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One Country: A Bold Proposal to End the Israeli-Palestinian Impasse Paperback – Bargain Price, August 21, 2007

ISBN-13: 978-0805086669 ISBN-10: 0805086668 Edition: 1st

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Product Details

  • Paperback: 240 pages
  • Publisher: Picador; 1st edition (August 21, 2007)
  • Language: English
  • ISBN-10: 0805086668
  • ISBN-13: 978-0805086669
  • ASIN: B0055X66GY
  • Product Dimensions: 7.9 x 5.1 x 0.7 inches
  • Shipping Weight: 8.8 ounces
  • Average Customer Review: 3.8 out of 5 stars  See all reviews (36 customer reviews)
  • Amazon Best Sellers Rank: #3,522,893 in Books (See Top 100 in Books)

Editorial Reviews

From Booklist

Much recent commentary on the stalled Middle East peace process has focused on ways to redirect Israelis and Palestinians toward the "road map for peace," which aims to end hostilities by gradually establishing an independent Palestinian state that would exist alongside, albeit entwined with, the Israeli state. With this book, an outspoken advocate for the Palestinian cause argues that peace in the region can be better achieved by establishing a single, united, democratic state. Abunimah is not, of course, the first to propose a one-state, or "binational," solution--indeed, interest in a one-state solution has grown as the two-state model has sputtered--and he is well aware of the obstacles to a one-state solution: namely, that socioeconomic inequality, disproportionate birth rates, and a perceived loss of sovereignty would seem to provide meager incentives for Jewish Israelis. But Abunimah's approach, inspired by ongoing reconciliation processes in South Africa (and, to a lesser extent, Northern Ireland), is fresh, energetic, and ultimately optimistic that those tired of violence will eventually gravitate toward an inclusive, unified Israel. Brendan Driscoll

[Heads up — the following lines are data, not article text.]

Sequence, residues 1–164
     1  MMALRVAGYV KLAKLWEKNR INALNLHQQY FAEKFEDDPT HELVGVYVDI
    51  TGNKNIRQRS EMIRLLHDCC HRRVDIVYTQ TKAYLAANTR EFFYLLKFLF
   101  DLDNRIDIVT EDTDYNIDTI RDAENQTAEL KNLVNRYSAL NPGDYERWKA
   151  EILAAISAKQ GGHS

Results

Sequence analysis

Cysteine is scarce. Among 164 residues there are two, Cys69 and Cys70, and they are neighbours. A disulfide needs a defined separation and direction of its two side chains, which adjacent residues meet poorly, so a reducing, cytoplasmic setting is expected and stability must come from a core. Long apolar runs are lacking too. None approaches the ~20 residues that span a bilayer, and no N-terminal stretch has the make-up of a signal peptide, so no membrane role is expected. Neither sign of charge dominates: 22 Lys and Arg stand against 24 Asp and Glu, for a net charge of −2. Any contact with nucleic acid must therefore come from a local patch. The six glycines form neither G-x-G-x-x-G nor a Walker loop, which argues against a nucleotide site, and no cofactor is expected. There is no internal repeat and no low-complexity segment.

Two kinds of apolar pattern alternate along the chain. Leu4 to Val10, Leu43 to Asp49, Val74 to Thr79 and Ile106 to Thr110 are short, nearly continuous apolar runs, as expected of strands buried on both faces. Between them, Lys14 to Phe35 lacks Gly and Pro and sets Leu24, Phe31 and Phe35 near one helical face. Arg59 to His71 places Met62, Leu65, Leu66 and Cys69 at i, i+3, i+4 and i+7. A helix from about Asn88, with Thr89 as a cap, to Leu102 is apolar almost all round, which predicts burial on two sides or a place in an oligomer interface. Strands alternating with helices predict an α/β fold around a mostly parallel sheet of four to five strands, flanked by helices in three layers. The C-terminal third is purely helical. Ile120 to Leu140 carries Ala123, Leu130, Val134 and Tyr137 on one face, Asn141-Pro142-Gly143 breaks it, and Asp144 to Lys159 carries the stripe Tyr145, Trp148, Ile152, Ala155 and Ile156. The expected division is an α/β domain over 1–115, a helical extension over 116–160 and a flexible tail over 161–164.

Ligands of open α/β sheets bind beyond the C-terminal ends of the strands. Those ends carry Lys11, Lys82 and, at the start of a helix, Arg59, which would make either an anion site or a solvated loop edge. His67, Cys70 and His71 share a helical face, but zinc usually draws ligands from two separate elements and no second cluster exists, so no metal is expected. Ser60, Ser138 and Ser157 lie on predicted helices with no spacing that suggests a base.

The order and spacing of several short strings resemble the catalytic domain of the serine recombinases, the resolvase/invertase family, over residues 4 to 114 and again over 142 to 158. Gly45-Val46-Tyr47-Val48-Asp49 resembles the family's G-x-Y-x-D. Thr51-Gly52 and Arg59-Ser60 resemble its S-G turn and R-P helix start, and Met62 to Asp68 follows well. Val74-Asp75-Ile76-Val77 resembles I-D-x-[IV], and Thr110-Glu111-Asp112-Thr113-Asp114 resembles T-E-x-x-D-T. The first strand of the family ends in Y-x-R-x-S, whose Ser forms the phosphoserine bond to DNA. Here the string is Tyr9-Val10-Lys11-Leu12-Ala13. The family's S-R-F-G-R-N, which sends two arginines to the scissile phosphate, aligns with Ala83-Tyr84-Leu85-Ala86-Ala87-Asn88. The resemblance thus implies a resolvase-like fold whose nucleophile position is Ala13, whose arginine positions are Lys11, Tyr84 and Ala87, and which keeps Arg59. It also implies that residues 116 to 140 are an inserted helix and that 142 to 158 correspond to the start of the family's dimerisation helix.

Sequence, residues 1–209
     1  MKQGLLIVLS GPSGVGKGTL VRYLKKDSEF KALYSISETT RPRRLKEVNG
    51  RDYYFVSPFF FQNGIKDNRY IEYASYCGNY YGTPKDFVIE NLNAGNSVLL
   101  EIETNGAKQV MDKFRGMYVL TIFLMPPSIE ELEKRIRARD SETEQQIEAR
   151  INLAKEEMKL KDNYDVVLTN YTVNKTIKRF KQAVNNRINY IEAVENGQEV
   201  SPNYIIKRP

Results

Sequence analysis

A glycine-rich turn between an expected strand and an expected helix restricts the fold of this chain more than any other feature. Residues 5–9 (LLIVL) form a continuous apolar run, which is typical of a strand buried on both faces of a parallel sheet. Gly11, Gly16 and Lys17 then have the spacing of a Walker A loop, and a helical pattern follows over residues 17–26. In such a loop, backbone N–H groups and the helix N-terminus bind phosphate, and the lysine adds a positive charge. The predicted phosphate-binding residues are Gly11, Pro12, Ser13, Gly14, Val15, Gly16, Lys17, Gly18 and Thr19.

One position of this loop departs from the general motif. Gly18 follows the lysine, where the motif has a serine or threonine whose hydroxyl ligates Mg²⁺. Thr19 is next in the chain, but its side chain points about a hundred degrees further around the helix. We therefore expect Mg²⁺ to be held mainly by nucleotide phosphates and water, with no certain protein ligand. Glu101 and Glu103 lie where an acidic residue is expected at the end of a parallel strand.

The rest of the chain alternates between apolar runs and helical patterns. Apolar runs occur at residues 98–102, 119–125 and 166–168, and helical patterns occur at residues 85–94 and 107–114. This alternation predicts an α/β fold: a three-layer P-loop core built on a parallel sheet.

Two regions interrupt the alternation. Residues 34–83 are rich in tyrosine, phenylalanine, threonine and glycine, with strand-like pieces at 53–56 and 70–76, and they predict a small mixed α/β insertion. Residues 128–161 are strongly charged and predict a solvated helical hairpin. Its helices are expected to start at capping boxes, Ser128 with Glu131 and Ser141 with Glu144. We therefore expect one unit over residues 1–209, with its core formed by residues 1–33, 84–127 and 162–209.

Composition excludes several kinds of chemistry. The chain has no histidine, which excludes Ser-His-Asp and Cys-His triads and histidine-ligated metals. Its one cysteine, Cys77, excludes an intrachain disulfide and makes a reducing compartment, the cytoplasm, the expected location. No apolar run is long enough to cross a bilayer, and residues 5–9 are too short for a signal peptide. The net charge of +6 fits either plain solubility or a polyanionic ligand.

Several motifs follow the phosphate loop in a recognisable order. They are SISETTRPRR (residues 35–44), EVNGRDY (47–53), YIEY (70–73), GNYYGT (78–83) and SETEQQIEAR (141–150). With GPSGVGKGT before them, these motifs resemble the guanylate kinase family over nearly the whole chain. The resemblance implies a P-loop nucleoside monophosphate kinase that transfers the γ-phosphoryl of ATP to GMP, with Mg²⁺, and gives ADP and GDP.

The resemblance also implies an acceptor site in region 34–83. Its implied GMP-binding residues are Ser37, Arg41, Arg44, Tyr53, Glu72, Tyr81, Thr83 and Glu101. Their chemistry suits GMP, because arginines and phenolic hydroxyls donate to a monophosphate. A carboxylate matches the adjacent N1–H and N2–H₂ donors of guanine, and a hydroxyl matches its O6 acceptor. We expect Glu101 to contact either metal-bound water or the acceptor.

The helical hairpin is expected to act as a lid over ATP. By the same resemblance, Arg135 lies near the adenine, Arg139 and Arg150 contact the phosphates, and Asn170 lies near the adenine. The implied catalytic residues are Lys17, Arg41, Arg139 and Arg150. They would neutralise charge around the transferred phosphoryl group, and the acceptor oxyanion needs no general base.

Copyright © American Library Association. All rights reserved --This text refers to an out of print or unavailable edition of this title.

About the Author

Ali Abunimah, a Palestinian-American, is the co-creator and editor of the Electronic Intifada Web site. A graduate of Princeton University and the University of Chicago, he has written for the Chicago Tribune, among other publications.

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Customer Reviews

Here, again, there are problems he does not adequately address.
Valerie J. Saturen
After reading Mr. Abunimah's book, I am convinced that one state with equal rights for all citizens is the only solution that makes sense.
N. Joseph
I plead with anyone who has been concerned with the struggle in Palestine-Israel to read this amazing book.
Linda K. Jansen

Most Helpful Customer Reviews

89 of 109 people found the following review helpful By Deal Shopper on November 30, 2006